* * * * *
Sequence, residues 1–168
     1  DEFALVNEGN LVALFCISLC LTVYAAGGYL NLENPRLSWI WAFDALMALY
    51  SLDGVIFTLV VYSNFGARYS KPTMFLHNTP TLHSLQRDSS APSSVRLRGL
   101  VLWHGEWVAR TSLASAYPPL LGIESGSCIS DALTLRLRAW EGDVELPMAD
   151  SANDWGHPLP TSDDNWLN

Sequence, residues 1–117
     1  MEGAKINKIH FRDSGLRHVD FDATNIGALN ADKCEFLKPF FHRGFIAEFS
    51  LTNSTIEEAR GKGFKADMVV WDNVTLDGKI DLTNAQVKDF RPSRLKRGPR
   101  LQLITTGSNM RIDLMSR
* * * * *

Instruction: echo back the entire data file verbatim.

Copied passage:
Sequence, residues 1–168
     1  DEFALVNEGN LVALFCISLC LTVYAAGGYL NLENPRLSWI WAFDALMALY
    51  SLDGVIFTLV VYSNFGARYS KPTMFLHNTP TLHSLQRDSS APSSVRLRGL
   101  VLWHGEWVAR TSLASAYPPL LGIESGSCIS DALTLRLRAW EGDVELPMAD
   151  SANDWGHPLP TSDDNWLN

Sequence, residues 1–117
     1  MEGAKINKIH FRDSGLRHVD FDATNIGALN ADKCEFLKPF FHRGFIAEFS
    51  LTNSTIEEAR GKGFKADMVV WDNVTLDGKI DLTNAQVKDF RPSRLKRGPR
   101  LQLITTGSNM RIDLMSR